How the rhetorical assertion ‘Men don’t need to be and/or can’t be medically diagnosed for High Risk Human Papillomavirus (hrHPV)’ has been framed in governmental and scientific infectious disease discourse

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2013-05

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Abstract

“Men don’t need to be and/or can’t be medically diagnosed for hrHPV”, an amalgam of assertive statements collected from the Centers Disease Control and Prevention (CDC) publication “HPV and Men – CDC Fact Sheet” and from specific scientific infectious disease discourse, is a controversial medical “theme.” A more rhetorically accurate theme is “medical diagnosis of hrHPV in males is often shown through discourse to have no value.” Determining the value of hrHPV diagnosis in males, however, is not the objective of this thesis. The objective of this thesis is to document the discussion surrounding the theme "Men don’t need to be and/or can’t be medically diagnosed for hrHPV” in selected governmental and scientific discourses, to classify how the theme is framed, to question perceived risks to men’s health because of the theme, to classify how the questions intersect with other hrHPV subjects, and to show that men are basically an afterthought in the subject of the sexually transmitted infection (STI) hrHPV that causes several forms of potentially deadly cancer in men and women and is the primary cause of cervical cancer in women.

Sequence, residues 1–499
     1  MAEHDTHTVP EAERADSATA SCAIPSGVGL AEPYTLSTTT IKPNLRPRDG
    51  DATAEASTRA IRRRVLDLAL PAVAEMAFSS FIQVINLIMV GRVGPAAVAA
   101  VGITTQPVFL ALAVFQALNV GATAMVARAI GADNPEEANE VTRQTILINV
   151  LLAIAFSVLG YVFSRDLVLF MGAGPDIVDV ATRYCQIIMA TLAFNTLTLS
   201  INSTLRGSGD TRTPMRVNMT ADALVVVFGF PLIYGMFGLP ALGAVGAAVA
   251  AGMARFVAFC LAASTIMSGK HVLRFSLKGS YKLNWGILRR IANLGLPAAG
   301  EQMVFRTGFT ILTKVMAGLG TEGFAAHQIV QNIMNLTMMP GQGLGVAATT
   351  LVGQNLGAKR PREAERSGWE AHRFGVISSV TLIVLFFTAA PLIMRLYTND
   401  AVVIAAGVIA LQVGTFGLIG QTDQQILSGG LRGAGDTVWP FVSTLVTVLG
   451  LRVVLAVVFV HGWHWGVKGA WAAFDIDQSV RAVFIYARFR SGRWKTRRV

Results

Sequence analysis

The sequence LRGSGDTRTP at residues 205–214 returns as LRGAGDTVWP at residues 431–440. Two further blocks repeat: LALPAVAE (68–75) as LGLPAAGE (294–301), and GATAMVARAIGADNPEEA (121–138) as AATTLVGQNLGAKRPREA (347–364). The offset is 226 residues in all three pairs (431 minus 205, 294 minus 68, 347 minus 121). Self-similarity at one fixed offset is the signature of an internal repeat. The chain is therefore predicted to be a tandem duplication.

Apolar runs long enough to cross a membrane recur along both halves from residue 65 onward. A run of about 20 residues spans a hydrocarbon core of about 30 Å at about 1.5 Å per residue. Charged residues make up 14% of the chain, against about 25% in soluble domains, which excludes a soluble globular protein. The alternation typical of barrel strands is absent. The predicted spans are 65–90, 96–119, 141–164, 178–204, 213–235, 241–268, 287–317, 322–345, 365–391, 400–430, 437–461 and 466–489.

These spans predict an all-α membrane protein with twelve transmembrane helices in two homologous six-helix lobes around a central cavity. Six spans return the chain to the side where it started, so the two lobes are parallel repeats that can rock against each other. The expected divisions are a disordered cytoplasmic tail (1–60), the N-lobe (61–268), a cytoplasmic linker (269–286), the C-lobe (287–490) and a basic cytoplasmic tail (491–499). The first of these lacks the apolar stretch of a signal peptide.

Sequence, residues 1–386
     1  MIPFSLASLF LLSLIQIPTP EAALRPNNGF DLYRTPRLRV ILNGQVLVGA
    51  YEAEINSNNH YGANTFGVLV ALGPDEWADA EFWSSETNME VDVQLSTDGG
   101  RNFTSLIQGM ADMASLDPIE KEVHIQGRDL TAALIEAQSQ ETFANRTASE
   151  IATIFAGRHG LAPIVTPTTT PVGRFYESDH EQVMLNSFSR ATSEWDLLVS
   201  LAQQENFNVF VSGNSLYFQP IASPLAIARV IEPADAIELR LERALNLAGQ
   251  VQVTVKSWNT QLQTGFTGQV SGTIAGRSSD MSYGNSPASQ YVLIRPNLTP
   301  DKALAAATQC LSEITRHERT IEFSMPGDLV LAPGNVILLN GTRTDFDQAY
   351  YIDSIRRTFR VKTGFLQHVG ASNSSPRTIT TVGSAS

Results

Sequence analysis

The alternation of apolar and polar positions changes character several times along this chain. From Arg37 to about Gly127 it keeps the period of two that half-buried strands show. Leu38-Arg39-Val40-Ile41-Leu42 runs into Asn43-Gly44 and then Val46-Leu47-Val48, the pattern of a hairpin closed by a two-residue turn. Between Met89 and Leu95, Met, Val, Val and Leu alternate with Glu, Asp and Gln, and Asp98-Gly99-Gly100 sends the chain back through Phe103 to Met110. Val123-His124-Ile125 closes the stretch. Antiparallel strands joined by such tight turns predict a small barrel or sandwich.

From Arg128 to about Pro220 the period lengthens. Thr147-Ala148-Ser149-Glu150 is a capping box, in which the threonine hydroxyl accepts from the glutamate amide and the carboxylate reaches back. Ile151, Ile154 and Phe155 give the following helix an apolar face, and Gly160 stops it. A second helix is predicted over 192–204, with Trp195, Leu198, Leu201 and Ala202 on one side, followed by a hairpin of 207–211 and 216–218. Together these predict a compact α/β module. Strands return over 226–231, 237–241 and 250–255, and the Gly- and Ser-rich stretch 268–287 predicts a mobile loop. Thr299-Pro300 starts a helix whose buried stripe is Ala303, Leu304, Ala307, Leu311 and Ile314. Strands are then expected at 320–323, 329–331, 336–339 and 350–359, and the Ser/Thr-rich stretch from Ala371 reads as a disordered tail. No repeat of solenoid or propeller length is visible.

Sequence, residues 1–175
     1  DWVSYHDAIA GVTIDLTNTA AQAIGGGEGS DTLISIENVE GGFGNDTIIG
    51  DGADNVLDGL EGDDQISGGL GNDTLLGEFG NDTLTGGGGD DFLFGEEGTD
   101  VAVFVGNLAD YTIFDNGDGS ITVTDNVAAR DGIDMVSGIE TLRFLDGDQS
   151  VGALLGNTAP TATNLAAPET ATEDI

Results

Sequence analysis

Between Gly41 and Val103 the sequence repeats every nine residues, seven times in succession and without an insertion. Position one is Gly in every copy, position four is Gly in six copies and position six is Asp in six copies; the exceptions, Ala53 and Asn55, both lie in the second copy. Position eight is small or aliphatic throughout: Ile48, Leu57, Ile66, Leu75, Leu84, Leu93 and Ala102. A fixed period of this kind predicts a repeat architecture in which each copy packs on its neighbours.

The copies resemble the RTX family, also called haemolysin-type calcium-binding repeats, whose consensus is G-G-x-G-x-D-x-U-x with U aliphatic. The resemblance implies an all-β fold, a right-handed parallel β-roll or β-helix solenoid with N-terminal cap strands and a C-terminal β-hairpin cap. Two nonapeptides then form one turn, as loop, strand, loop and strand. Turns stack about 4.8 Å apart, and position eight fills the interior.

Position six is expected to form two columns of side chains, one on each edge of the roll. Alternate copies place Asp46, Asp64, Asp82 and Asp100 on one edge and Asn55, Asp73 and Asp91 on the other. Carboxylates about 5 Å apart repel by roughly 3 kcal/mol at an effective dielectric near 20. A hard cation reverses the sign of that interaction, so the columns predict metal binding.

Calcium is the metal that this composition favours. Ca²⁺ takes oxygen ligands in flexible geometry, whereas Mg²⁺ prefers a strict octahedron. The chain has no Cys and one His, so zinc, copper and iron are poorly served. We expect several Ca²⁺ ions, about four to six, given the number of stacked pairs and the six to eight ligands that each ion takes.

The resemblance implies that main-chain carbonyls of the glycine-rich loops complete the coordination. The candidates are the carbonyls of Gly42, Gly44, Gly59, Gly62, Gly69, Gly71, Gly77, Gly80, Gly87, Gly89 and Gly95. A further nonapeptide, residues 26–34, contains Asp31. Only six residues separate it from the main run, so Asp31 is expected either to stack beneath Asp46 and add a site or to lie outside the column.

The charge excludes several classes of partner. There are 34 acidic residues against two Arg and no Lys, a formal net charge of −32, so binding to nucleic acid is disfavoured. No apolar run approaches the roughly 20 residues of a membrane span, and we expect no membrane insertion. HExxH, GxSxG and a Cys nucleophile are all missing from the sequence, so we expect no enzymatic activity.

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Keywords

Human papillomavirus (HPV), Cancer, Cervical cancer, Public health, High risk human papillomavirus

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